A new study on a group of mice published in the journal Breast Cancer Research reveals that the lowering of Wnt/Notch signaling ratio in the breast tissue among those which have given birth could be one of the reasons why being pregnant while young provides some sort of protection against breast cancer.
Early pregnancy is protective against breast cancer in humans and in rodents. In humans having a child before the age of 20 decreases risk of breast cancer by half. Using microarray analysis researchers from Basel discovered that genes involved in the immune system and differentiation were up-regulated after pregnancy while the activity of genes coding for growth factors was reduced.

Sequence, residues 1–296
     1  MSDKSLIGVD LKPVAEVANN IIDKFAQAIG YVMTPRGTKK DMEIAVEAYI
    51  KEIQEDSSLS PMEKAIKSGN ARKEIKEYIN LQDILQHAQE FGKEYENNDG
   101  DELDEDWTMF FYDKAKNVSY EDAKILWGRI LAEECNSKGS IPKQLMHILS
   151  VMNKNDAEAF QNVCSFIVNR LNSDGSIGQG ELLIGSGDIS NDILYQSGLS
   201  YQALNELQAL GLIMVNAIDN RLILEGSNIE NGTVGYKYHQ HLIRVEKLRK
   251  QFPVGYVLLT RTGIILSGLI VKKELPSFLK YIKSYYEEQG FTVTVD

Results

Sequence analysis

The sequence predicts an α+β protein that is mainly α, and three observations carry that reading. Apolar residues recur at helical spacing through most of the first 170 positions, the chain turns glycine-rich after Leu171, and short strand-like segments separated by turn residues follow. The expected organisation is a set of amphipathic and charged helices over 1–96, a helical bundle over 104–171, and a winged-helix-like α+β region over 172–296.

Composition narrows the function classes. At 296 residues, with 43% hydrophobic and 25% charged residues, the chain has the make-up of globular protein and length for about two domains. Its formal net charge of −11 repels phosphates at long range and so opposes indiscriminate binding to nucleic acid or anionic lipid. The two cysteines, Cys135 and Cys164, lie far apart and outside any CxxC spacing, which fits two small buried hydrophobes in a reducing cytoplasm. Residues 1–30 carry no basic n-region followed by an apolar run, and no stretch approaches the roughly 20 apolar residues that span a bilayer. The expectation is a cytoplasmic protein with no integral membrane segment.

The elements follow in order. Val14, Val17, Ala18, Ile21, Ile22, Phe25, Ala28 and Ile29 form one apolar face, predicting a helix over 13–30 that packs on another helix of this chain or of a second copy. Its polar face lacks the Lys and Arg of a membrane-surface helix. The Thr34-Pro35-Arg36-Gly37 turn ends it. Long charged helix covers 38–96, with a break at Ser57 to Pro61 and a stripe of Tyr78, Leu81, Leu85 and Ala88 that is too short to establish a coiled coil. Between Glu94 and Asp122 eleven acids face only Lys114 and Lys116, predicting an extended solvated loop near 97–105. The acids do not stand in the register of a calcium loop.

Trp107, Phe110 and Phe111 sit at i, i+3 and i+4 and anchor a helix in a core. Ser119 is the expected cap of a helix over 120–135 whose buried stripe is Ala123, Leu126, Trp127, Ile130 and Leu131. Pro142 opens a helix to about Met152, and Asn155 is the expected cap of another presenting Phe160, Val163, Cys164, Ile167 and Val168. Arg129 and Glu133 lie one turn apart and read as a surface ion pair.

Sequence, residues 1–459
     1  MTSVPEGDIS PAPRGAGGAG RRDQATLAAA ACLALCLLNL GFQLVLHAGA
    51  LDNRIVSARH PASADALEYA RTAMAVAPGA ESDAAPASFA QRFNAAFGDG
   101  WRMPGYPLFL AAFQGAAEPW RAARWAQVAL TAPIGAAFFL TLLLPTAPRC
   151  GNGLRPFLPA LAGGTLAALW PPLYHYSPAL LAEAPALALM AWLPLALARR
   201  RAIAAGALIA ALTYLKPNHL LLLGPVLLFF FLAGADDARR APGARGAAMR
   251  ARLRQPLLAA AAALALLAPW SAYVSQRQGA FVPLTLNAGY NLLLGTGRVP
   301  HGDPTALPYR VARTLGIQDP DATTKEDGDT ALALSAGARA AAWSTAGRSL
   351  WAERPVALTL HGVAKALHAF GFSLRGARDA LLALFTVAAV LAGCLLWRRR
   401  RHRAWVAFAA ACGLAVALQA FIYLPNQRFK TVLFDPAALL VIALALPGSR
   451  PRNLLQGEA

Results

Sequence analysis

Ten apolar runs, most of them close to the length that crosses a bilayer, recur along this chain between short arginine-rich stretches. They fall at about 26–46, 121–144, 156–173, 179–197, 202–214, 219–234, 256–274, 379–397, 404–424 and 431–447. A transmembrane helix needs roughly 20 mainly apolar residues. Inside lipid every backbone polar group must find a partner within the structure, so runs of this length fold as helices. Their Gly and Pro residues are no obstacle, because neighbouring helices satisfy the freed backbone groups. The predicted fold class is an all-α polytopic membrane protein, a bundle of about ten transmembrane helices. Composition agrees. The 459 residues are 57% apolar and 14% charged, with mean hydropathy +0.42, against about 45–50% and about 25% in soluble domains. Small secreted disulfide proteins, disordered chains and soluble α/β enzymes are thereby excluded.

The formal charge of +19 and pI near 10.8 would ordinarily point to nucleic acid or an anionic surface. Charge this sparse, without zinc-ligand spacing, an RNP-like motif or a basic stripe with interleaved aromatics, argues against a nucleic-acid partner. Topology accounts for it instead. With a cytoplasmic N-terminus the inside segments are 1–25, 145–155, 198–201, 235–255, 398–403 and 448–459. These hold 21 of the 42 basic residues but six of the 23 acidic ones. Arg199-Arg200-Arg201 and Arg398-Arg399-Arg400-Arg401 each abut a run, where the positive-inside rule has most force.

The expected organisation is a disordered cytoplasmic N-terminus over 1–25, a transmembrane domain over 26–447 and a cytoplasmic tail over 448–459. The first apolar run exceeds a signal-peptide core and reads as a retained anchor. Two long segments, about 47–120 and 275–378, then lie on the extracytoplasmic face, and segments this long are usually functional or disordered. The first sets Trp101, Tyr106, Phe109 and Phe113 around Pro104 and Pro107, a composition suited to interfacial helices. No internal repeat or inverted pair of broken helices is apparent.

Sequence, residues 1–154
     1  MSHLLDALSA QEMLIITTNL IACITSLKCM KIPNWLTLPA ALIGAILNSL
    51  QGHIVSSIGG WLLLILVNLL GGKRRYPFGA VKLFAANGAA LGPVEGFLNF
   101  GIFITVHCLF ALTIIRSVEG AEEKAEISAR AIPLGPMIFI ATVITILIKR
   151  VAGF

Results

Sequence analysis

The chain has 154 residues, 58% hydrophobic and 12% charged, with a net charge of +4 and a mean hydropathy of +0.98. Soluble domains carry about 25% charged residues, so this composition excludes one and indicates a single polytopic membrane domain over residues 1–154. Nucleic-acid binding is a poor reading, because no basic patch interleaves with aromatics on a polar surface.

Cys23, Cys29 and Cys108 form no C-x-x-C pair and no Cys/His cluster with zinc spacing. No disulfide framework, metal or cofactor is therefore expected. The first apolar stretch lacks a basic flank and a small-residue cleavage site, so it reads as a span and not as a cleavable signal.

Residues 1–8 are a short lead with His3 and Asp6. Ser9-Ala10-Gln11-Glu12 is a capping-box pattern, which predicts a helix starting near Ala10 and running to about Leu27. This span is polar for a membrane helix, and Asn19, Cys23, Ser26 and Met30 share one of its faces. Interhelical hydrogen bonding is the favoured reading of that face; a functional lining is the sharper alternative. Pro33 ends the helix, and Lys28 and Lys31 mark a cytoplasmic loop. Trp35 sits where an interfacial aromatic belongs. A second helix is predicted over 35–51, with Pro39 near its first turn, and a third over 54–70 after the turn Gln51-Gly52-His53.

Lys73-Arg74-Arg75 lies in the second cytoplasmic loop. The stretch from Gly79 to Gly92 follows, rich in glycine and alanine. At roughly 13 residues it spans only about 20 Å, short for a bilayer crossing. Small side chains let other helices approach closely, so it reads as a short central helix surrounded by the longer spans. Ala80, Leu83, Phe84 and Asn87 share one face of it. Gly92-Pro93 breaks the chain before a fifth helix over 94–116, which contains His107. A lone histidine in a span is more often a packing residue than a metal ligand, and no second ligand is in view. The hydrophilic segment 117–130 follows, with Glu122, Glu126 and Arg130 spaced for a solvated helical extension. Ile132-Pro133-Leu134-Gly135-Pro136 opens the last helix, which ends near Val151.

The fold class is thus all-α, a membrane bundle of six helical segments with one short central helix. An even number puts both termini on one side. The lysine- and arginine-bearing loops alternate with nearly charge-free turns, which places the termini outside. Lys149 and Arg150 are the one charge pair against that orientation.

The activity of one particular gene Wnt4 was also down-regulated after pregnancy. The protein from this gene (Wnt4) is a feminising protein - absence of this protein propels a foetus towards developing as a boy. Wnt and Notch are opposing components of a system which controls cellular fate within an organism and when the team looked at Notch they found that genes regulated by notch were up-regulated, Notch-stimulating proteins up-regulated and Notch-inhibiting proteins down-regulated.